Home Landscaping Ideas and the Real Estate Market

Stately trees like this American elm are valuable elements of home landscaping.

David Beaulieu

By definition, home landscaping, means arranging or modifying the features of the grounds around a home to improve the property from the standpoint of aesthetic ideas and/or practical usage. Ideas for practical improvements should not be difficult to arrive at: you yourself have been living and gardening on this property, and no one knows the deficiencies of its landscape design better than you. Perhaps there are garden areas desperately in need of better drainage, for instance. Or there may be large trees near your home that need to be limbed. But it may be difficult to arrive at a firm idea of just how to improve a property aesthetically.

The very first question that you have to ask yourself is this: Do I plan on staying on this property forever, or will I be placing it in a real estate listing at some point? This is no question to scoff at. Answering the question will clarify your priorities and help establish an overarching idea for your home landscaping projects. If you are home landscaping for yourself as a lifelong resident on the property, you need only consult your own tastes. But if your property is fated to be a real estate listing, you need to think in terms of “curb appeal”: You are essentially landscaping for other people’s tastes — namely, the tastes of potential real estate buyers.

But this much can be said right away: as in other aspects of your life, some of the best home landscaping decisions result from learning what not to do. Excited at the prospect of starting with a blank slate, some do it yourselfers commit themselves to the idea that they will begin a home landscaping makeover by removing a large tree from their landscape. The American Nursery & Landscape Association, however, points out how bad an idea this can be:

“In one study, 83% of Realtors believe that mature trees have a ‘strong or moderate impact’ on the salability of homes listed for under $150,000; on homes over $250,000, this perception increases to 98% (Source: ‘American Forests, Arbor National Mortgage’).”

Water fountains are sure to catch the attention of potential buyers.

David Beaulieu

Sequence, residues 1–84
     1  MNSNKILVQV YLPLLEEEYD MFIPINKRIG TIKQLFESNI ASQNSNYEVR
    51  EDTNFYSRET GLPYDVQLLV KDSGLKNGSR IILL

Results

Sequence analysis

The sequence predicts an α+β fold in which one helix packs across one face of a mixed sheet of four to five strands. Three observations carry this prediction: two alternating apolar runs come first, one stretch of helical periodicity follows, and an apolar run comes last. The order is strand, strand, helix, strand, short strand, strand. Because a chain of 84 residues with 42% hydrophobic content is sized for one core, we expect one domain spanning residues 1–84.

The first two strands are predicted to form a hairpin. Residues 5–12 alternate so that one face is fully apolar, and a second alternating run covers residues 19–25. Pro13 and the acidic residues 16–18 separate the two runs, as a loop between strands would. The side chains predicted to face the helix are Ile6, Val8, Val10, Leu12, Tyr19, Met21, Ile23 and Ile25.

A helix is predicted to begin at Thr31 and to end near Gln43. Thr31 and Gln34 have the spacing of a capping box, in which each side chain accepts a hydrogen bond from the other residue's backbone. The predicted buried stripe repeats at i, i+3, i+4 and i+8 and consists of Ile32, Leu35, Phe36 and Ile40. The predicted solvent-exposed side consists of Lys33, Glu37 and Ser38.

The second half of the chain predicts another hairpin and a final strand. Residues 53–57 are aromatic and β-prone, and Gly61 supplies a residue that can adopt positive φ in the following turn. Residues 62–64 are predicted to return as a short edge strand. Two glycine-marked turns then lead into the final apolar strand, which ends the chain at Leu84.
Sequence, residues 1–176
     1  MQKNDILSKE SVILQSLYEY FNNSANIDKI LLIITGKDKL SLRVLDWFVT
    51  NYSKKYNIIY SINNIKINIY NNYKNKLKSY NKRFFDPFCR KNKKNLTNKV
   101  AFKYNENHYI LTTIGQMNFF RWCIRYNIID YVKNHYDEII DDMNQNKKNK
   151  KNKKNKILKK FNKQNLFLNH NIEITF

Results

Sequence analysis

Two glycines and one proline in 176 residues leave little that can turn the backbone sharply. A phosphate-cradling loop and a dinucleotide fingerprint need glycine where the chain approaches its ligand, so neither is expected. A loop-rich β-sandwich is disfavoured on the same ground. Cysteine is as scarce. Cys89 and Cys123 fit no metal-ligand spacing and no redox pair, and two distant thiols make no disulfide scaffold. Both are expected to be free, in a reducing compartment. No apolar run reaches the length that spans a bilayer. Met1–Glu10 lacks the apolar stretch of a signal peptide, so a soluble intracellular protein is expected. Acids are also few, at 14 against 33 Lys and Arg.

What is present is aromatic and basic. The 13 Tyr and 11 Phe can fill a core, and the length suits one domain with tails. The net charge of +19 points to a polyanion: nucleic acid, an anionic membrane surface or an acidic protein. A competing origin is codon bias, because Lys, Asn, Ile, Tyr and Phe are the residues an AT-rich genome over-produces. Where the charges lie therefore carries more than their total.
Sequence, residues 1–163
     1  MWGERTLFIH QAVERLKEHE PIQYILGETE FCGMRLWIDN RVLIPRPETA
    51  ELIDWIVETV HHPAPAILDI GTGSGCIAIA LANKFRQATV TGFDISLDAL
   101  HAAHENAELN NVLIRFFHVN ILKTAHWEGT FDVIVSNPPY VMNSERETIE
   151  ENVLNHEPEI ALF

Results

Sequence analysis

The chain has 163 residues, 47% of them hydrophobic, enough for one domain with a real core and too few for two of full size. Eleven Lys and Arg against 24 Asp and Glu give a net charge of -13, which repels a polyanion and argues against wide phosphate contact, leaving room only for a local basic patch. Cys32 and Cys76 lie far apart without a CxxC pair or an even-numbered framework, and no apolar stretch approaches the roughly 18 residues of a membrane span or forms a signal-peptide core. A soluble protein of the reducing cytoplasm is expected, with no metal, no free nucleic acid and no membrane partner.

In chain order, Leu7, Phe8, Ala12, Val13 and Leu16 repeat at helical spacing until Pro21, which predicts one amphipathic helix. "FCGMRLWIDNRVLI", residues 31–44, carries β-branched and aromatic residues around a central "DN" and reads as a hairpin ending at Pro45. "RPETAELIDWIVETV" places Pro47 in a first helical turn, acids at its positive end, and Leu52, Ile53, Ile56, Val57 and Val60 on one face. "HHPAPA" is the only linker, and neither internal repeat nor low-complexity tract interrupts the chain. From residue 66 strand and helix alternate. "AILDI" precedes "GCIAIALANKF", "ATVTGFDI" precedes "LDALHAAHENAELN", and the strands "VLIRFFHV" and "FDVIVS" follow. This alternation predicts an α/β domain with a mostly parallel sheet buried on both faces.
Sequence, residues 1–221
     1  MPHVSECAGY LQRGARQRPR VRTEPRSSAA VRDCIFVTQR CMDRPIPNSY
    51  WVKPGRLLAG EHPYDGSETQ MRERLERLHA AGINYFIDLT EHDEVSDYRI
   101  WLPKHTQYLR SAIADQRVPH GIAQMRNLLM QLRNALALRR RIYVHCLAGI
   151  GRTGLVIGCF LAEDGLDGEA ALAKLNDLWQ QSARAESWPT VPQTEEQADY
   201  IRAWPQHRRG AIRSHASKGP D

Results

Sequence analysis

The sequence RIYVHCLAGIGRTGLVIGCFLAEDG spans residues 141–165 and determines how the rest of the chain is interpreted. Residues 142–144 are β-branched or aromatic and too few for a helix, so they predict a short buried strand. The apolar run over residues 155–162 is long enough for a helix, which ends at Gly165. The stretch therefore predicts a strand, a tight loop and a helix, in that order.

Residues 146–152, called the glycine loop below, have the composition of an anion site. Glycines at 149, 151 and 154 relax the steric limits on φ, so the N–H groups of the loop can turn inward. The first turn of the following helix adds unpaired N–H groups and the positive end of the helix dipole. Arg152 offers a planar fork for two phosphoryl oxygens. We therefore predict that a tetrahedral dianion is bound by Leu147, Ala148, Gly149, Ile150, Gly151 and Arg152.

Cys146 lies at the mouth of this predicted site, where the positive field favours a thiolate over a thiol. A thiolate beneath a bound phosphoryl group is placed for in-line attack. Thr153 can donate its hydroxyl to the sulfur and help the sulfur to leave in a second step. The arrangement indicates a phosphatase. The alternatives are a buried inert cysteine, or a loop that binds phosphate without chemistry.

Say a spiffy home landscaping design could add about 15% to the value of your real estate (even if that figure is on the high end, let’s just use it as an example). Putting that into perspective: for real estate valued in the $200,000 – $225,000 range (before considering its home landscaping), an effective home landscaping design could add $30,000 to its value. How often do you get to make a $30,000 decision? Get the idea? The home landscaping issue amounts to a major decision in your life.

It’s important that such decisions not be based on arbitrary ideas, or criteria overly personalized. This is not the time to get in touch with your inner self. In making a $30,000 decision about a stock investment, you’d want hard, objective facts to guide you, right? At the very least, you’d like to explore the ideas of others, wouldn’t you? Well, you need to seek the same kinds of guides in the matter of home landscaping design.

But what might those guides be? And how do you ascertain what kinds of home landscaping represent the current trends for the real estate market? Fortunately, the resources for home landscaping design ideas are so numerous that your challenge will be not in finding the ideas, but in sifting through all of them and prioritizing. In addition to the selling trends, you’ll always want to provide your home landscaping with as much potential as possible for fall color and beautiful winter scenes — because this never goes out of style. Below are just a few tips for mining home landscaping ideas: